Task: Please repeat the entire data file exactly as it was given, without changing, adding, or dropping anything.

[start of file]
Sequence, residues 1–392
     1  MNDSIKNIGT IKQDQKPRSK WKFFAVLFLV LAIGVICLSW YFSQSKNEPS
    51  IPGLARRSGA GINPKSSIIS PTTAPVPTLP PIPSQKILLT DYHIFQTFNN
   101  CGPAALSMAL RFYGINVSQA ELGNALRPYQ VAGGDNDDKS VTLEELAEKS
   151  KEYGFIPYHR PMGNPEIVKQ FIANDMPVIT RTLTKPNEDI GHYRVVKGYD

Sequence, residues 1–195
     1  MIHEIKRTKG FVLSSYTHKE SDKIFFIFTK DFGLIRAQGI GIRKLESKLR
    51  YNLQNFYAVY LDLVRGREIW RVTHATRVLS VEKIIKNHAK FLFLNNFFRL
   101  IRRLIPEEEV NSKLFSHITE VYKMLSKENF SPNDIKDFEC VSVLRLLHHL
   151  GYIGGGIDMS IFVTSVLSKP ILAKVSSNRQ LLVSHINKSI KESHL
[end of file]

Sequence, residues 1–392
     1  MNDSIKNIGT IKQDQKPRSK WKFFAVLFLV LAIGVICLSW YFSQSKNEPS
    51  IPGLARRSGA GINPKSSIIS PTTAPVPTLP PIPSQKILLT DYHIFQTFNN
   101  CGPAALSMAL RFYGINVSQA ELGNALRPYQ VAGGDNDDKS VTLEELAEKS
   151  KEYGFIPYHR PMGNPEIVKQ FIANDMPVIT RTLTKPNEDI GHYRVVKGYD

Sequence, residues 1–195
     1  MIHEIKRTKG FVLSSYTHKE SDKIFFIFTK DFGLIRAQGI GIRKLESKLR
    51  YNLQNFYAVY LDLVRGREIW RVTHATRVLS VEKIIKNHAK FLFLNNFFRL
   101  IRRLIPEEEV NSKLFSHITE VYKMLSKENF SPNDIKDFEC VSVLRLLHHL
   151  GYIGGGIDMS IFVTSVLSKP ILAKVSSNRQ LLVSHINKSI KESHL